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Laying It All Out

The GIGABYTE GA-890FXA-UD7 has the benefit of feedback from some of the most hardcore enthusiasts in the world. Their GIGABYTE Open Overclocking Championship program has brought the best together to provide first hand feedback on their boards, and to give the community the opportunity to show GIGABYTE in person what they should or shouldn’t do when they build a board. I guess they mostly listened since they still included a floppy and IDE port on a state of the art motherboard. It’s seriously time to let go of these legacy components.

In addition to the much improved color scheme of GIGABYTE’s boards, the GA-890FXA-UD7 has some other nice layout niceties.

With the length of video cards these days, vertical SATA ports become useless. GIGABYTE was very smart to simply adopt fully horizontal SATA ports. This highly useful tweak allows you full access to both the SB850 powered blue ports and the GIGABYTE SATA2 white ports without interference from overhanging expansion cards.

The GA-890FXA-UD7 also has a fairly aggressive heatpipe based cooling system which connects all the toasty hot components for optimal heat dispersion. It is taken up a notch with the inclusion of a waterblock for placing into your water cooling loop. There is also plenty of room for heatsinks of any size until you do this…

The Hybrid Silent-Pipe2 cooling system replaces the waterblock with a passive cooling system that is touted to reduce temperatures by another 30%. I’m a little skeptical about it’s effectiveness since so little of the mounting piece actually makes contact with the northbridge when installed with four small philips screws.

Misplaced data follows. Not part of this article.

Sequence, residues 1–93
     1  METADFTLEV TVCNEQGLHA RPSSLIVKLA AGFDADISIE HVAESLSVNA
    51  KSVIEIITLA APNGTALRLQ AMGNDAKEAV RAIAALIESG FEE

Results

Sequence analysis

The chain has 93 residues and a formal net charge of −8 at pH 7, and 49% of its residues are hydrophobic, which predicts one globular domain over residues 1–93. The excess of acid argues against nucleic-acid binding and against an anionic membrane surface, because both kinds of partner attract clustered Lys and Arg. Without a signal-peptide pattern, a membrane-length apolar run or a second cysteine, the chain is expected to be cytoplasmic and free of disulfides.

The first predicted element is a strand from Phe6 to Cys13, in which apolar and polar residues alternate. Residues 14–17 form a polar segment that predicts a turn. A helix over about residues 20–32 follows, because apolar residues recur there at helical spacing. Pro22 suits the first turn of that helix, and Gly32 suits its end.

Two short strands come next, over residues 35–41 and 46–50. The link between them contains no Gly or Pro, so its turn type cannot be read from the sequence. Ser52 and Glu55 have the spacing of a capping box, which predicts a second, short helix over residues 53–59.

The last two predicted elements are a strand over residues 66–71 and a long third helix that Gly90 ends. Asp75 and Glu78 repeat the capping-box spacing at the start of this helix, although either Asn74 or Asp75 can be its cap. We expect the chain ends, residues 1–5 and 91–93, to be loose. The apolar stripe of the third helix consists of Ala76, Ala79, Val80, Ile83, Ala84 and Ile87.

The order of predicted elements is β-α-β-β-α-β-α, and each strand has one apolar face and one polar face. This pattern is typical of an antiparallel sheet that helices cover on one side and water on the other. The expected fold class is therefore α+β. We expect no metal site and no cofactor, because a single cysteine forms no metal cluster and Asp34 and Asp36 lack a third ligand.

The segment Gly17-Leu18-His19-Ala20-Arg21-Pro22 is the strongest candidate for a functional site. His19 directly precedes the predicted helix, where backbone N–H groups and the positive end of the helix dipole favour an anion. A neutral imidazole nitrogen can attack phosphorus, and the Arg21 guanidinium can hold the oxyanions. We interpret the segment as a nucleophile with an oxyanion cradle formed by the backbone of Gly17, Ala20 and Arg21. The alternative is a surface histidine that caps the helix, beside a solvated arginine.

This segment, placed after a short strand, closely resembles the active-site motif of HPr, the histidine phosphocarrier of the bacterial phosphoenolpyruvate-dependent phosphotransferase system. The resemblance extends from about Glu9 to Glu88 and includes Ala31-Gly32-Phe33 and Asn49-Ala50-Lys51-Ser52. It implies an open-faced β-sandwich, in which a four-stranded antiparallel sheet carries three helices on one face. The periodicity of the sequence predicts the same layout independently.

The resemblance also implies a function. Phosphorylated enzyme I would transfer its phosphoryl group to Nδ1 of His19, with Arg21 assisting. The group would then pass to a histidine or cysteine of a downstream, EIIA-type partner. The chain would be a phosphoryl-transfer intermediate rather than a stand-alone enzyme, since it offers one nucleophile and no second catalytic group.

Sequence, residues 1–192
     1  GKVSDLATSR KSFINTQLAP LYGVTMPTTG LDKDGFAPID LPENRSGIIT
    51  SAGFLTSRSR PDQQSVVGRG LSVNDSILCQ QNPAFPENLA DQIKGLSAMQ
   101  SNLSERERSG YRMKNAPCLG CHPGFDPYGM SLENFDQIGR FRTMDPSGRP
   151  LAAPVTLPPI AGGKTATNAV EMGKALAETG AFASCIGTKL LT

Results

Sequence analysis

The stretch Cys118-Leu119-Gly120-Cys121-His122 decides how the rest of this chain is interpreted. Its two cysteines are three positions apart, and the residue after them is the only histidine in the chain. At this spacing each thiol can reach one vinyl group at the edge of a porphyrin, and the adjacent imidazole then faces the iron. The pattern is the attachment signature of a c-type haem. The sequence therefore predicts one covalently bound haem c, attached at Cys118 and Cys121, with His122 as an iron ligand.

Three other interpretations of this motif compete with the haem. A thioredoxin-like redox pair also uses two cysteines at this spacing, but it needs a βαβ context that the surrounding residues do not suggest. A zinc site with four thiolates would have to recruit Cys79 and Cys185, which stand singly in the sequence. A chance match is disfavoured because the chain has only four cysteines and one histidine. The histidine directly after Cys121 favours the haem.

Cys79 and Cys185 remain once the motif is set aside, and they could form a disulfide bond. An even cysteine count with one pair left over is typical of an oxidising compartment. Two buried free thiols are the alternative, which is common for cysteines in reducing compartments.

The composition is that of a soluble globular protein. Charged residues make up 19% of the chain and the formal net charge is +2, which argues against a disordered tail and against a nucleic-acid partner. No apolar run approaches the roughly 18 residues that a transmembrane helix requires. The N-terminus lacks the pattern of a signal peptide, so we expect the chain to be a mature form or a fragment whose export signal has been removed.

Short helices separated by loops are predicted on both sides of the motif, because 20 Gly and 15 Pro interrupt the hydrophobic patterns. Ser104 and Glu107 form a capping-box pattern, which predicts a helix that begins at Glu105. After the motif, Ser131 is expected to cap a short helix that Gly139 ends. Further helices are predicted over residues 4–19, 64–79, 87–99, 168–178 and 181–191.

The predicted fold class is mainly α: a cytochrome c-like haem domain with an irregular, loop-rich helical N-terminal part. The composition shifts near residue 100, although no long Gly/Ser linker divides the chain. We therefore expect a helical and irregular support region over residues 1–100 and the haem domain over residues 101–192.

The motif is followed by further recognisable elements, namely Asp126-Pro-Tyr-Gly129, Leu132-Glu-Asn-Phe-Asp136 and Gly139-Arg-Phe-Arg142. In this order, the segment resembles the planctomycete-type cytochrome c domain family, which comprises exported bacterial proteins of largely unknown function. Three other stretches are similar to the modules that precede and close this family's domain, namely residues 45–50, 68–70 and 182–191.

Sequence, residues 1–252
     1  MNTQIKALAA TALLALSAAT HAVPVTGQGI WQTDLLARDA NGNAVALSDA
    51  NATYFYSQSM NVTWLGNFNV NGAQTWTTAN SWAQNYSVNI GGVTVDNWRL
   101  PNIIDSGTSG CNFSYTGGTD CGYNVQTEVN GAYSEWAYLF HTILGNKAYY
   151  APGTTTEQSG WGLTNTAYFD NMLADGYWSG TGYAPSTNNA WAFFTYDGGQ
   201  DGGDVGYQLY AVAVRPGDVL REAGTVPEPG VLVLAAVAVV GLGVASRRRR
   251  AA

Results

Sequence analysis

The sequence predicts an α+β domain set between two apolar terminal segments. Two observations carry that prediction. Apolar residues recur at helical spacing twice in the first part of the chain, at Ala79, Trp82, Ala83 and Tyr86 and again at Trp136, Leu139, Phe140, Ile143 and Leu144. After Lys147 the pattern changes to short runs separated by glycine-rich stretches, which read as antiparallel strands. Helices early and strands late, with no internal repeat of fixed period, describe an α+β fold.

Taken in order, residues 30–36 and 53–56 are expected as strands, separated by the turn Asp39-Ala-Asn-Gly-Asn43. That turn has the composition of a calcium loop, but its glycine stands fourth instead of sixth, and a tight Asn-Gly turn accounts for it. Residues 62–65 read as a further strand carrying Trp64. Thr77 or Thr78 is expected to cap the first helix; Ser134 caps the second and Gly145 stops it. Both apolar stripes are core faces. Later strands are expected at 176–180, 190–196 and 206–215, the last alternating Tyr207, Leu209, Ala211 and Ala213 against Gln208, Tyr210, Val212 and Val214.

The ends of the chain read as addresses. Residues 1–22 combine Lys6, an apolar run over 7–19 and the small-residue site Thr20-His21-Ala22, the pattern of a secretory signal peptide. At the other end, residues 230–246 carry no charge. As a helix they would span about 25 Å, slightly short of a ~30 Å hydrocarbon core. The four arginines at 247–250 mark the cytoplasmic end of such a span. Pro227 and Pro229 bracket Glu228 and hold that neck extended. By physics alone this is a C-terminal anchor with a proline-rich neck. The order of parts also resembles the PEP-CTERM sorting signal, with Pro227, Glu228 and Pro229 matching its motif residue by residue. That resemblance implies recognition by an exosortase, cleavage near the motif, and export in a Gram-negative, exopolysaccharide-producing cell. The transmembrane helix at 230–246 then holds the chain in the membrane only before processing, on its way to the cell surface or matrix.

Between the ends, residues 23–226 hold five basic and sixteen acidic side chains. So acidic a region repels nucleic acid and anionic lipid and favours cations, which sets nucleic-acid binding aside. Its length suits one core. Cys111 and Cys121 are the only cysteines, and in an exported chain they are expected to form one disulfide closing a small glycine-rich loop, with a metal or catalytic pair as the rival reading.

Since many enthusiasts tend to use open test benches, GIGABYTE has included reset and power buttons (including a CLR CMOS button) to allow easy access to the most utilized switches when dabbling in overclocking.

Moving to the IO ports, you’ll see GIGABYTE’s unique yellow eSATA/USB ports. Basically, they work as USB 2.0 ports when not being used as eSATA ports and vice versa. This saves space and allows you to gain a few more USB ports in the process, where you otherwise wouldn’t have them at all. Both sizes of Firewire ports are included, though we’ll probably see these being phased out as the superior USB 3.0 takes over the world.

Audio ports are powered by the Realtek ALC889 while the dual Gigabit ethernet ports are run by a couple Realtek RTL8111D chips. USB 3.0 duties are of course powered by the Japanese NEC USB 3.0 solution. Moving right along…

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